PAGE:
At 18:40, a tower controller issued a windshear warning to all aircraft, but on a different radio frequency than that used by Flight 1016.[1]:5 About a minute later, as Flight 1016 was on final approach, the captain, realizing that his aircraft was in a serious predicament, attempted to abort the landing by instructing the first officer to "take it around, go to the right".[1]:6 The captain then radioed the control tower and stated "USAir ten sixteen's on the go"; the tower acknowledged the missed approach and cleared Flight 1016 to climb to 3,000 feet (910 m).[1]:6 The plane struggled to climb due to the severe weather conditions, veered to the right and rapidly descended.[1]:6 The flight crew desperately tried to control the airplane as it plummeted toward the ground.[1]:6 It was later determined that the wind shear alert system did not alert them with a red indicator and aural warning because of a software discrepancy that lowered the sensitivity while the flaps were in transit from 40 degrees to 15 degrees during the go around procedure. A Honeywell engineer stated that the pilots should have received a warning 8–9 seconds before impact.[1]:12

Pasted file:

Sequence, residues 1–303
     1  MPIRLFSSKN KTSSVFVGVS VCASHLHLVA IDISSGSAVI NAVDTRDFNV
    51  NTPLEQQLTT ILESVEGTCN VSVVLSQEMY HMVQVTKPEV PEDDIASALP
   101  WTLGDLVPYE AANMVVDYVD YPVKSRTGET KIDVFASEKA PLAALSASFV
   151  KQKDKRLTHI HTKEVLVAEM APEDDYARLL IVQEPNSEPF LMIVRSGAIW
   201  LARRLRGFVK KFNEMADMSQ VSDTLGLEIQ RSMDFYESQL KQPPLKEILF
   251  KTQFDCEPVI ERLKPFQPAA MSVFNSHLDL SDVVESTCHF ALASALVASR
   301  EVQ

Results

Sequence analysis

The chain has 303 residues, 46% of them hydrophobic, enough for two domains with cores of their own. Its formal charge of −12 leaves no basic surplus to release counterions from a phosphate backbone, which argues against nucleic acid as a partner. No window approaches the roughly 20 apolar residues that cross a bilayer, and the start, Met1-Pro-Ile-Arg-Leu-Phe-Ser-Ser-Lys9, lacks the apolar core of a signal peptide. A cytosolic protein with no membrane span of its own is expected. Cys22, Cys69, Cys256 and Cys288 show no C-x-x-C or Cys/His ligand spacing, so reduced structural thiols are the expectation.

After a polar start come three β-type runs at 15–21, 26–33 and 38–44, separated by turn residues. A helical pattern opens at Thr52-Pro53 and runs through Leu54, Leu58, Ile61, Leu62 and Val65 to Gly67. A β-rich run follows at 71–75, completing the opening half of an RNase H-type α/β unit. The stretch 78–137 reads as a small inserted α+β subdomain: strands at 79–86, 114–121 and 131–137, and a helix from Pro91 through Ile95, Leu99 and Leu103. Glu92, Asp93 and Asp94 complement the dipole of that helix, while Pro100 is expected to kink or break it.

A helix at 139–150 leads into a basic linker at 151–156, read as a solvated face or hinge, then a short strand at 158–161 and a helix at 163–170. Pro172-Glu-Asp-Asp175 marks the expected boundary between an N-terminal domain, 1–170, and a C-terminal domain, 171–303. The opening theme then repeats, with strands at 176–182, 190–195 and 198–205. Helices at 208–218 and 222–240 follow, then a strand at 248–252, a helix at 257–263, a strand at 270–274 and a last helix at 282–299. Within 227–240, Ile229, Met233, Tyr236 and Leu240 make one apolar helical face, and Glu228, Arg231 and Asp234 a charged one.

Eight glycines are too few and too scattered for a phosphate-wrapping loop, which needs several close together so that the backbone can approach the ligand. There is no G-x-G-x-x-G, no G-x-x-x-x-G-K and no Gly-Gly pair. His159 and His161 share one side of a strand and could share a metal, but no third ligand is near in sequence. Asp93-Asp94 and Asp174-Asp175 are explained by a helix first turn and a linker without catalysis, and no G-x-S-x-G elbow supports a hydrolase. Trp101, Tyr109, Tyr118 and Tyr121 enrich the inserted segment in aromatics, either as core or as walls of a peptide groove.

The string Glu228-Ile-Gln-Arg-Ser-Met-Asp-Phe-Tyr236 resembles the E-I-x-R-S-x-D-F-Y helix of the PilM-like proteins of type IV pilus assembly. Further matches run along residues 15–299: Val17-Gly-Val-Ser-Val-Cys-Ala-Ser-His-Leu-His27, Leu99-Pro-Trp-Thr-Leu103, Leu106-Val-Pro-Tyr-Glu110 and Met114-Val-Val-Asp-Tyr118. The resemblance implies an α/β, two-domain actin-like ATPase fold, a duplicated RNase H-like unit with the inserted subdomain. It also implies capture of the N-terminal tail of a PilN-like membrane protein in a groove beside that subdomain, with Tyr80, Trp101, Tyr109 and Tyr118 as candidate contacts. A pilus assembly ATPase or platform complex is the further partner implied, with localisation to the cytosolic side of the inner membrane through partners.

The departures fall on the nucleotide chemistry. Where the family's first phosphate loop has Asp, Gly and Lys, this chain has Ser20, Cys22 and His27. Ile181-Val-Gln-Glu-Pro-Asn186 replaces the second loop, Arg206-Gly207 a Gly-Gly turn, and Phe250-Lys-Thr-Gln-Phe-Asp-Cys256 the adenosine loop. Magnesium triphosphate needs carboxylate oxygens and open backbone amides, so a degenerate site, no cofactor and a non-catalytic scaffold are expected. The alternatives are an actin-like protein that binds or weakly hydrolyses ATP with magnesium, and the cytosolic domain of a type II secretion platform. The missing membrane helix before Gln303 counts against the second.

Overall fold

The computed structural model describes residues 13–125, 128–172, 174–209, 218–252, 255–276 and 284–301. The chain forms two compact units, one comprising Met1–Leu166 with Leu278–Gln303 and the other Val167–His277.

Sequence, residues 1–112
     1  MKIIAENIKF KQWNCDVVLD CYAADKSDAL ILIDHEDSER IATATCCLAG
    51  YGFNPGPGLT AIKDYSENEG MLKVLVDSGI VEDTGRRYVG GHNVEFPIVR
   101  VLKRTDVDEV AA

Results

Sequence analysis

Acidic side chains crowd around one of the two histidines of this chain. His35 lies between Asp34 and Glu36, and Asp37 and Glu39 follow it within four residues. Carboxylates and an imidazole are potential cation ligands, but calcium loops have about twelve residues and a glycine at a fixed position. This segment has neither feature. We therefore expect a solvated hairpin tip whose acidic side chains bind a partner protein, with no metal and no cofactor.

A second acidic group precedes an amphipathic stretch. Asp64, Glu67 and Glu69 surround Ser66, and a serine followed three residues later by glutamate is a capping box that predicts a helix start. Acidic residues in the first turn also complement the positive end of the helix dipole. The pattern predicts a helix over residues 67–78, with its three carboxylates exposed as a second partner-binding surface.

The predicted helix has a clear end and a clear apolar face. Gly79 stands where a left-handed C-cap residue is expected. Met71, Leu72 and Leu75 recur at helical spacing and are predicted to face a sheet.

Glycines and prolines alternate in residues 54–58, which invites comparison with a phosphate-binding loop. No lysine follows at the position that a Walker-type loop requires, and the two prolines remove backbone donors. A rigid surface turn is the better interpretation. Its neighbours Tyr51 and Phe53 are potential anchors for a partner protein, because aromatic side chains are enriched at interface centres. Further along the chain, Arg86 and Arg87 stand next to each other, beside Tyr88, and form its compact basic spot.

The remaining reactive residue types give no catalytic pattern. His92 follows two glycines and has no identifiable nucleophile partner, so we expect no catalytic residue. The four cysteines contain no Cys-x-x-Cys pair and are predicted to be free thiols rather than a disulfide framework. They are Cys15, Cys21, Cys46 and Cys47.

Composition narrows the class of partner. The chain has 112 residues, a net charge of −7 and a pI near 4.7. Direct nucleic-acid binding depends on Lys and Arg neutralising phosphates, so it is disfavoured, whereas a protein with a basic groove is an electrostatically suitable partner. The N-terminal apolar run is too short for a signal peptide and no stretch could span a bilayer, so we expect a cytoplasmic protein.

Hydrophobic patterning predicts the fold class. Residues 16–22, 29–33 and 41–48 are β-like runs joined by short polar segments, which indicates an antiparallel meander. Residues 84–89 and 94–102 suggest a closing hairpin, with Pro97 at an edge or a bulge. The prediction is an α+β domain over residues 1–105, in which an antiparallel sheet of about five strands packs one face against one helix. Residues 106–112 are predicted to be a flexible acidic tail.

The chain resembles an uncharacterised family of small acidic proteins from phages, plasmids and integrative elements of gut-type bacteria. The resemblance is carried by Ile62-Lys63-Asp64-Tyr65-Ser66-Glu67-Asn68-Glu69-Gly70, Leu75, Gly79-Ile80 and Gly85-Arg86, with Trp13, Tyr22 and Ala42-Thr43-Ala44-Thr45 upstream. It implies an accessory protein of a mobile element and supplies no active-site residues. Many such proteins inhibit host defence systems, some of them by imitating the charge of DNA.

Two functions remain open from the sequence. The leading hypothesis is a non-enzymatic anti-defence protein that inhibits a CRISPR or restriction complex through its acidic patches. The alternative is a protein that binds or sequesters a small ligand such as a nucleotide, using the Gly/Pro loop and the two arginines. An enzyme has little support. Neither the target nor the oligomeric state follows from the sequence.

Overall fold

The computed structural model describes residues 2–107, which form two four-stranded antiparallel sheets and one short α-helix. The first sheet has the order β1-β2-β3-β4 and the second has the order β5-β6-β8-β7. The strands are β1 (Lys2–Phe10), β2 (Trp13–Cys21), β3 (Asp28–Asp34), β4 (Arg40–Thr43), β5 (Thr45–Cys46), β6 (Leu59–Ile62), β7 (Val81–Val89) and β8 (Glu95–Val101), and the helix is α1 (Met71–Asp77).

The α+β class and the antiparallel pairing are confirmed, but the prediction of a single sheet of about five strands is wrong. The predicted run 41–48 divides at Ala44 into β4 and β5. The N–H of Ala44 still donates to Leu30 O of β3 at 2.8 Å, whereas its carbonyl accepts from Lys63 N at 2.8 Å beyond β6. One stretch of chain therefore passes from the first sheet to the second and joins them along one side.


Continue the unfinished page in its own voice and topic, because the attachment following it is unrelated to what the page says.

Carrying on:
USAir Flight 1016 seating chart from the NTSB, revealing locations of passengers, lack of injury, severity of injuries, and deaths


Wing and tail section
of the crash's remains

At 18:42 EDT, the DC-9 touched down in a field within the airport boundary, about 0.5 miles (0.8 km) from the threshold of runway 18R.[1]:33 It then crashed through the airport fence and impacted several trees, breaking apart while skidding down a residential street that was on the airport boundary. The plane broke into four major sections; the front 40 feet (12 m) of the airplane, including the cockpit and the unoccupied first class passenger cabin, came to rest in the middle of Wallace Neel Road. The rear section of the fuselage, including the tail and the rear-mounted engines, came to rest in the carport of a house.